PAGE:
Motor Trend’s 1990 Top-Ten Lists
It’s hard to believe that 1988 is a quarter of a century behind us. That was the year Motor Trend magazine started a somewhat short-lived tradition of publishing annual lists that itemized the top ten ranking vehicles in a variety of categories.
I happened along the 1990 issue and it did a nice job of painting a statistical picture of the era’s automotive scene. So, I thought I’d share some of that information here.
Top Ten Car Investments
Motor Trend’s staff thought the following cars were the ten best investments that were “easy to locate, purchase and drive.” Precluding obvious exotics from the list, the cars were affordable and capable of being used for everyday transportation.
The cars in this list weren’t numbered or listed alphabetically, so I am presenting them in the order they appeared. I’ve included pictures for all the cars from the magazine (except for one, having been split between two pages, which is a stock photo). Accompanying the photos is text from the article.
“The ’89 Turbo Trans Am Indy Pace Car was General Motors’ dream car of the ’80s. At long last, it got GM’s best powerplant, the turbo intercooled Grand National Buick V-6, together with the best platform, the latest-generation F-body. Only 1500 cars were produced, and they carried a manufacturer’s suggested retail price of approximately $33,000. This is truly a high-water mark car, and low-mileage excellent-condition models are presently selling for $22,000-$26,000.”
“The Dodge Omni GLH-S was the quickest car built by Shelby automobiles, but the ’87 Charger is sportier and will be worth more in the long run. For the ’87 model year, 1000 cars were produced, and they featured the 174-horsepower turbocharged/intercooled powerplant that, along with a sport-tuned suspension system, provided quick and sure-footed performance. In spite of the low production numbers, prices range from $3500 to $7500. This could be the next Shelby Mustang. Shelby chargers have an impressive racing history, so finding and purchasing one of the original race cars would be a worthy endeavor.”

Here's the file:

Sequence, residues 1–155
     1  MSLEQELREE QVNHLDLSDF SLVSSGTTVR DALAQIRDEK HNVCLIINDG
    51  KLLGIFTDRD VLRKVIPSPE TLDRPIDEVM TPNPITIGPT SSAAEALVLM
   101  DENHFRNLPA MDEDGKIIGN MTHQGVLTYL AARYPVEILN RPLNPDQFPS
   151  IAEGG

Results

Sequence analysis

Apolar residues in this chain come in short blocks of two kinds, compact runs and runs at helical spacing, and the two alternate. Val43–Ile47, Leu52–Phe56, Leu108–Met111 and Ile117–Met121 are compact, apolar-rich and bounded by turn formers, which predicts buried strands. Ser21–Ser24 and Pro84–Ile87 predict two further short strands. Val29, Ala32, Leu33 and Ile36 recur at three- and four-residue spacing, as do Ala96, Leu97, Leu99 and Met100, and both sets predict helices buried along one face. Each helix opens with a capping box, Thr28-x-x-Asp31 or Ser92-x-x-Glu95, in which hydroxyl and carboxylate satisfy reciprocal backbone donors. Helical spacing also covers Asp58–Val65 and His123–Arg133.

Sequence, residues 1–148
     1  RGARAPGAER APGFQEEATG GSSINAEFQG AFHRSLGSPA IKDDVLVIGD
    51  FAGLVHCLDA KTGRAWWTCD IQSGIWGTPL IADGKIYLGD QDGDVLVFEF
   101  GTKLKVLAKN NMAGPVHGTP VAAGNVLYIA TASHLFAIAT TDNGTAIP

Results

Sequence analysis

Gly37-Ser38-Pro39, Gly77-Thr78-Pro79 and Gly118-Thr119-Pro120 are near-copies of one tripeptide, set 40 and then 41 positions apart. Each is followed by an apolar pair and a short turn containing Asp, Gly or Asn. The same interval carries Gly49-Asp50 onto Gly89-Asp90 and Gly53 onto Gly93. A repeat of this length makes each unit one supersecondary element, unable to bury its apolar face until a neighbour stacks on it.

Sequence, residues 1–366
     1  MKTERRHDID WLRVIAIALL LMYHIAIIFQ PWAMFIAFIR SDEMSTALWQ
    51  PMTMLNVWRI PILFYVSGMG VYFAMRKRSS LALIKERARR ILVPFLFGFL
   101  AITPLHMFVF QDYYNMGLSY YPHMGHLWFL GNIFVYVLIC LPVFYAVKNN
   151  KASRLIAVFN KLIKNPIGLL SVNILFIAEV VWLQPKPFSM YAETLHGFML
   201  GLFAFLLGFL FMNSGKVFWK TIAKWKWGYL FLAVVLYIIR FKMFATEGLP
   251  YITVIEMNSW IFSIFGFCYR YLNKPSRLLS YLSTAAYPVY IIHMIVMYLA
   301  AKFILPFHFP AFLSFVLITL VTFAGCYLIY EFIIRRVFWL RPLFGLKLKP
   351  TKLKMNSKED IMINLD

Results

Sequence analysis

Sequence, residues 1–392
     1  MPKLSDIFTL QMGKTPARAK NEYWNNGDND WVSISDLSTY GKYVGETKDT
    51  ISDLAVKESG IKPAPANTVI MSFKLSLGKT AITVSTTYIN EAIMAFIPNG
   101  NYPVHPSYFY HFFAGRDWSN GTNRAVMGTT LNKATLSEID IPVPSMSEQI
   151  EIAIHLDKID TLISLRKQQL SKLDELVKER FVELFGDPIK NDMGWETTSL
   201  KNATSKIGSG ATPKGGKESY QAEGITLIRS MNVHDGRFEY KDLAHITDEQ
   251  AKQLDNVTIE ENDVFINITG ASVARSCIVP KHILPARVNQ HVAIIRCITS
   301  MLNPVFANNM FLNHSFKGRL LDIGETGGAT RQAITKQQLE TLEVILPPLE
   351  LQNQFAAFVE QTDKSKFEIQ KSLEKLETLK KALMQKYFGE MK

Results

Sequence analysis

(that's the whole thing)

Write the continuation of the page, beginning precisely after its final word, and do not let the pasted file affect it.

“Many people are talking about the investment potential of Fieros. The only sure bet is the ’88 GT. It has the suspension fixes that make it a fun car to drive. The Fiero’s styling will be timeless, and the investment value will continue upward because they’re out of production. Try to find the mostly optioned car available and in a good color like red or black. Other Fieros may appreciate, but not as quickly.”
“While Camaro IROC production is high enough that many would question its investment potential, the ’90 has the distinction of being the last and best IROC. Here, we would designate a 5-liter five-speed version with 16-inch wheels and four-wheel disc brakes as the most desirable car. It’s extremely wall balanced and is the most sophisticated-looking F-body. It’s unlikely Chevrolet will ever have another IROC model, enhancing the value of this car. An IROC convertible would be an excellent second choice.”
“Jaguar’s sleek, 12-cylinder coupe is as fresh and timeless as the day it was introduced in 1976. It’s received constant refinement every year, but the high cost of ownership has kept most resale value within reach of most enthusiasts. Where else can you find a 12-cylinder exotic sport coupe going for under $10,000? Our local auto trader has several early ’80s models listed for under $10,000. Buy the best car you can afford, because parts and maintenance are fairly expensive. Then just wait for prices to rise like they have for early ’70s 12-cylinder E-Types.”
Motor Trend’s 1990 Top Ten continued on page 2, below.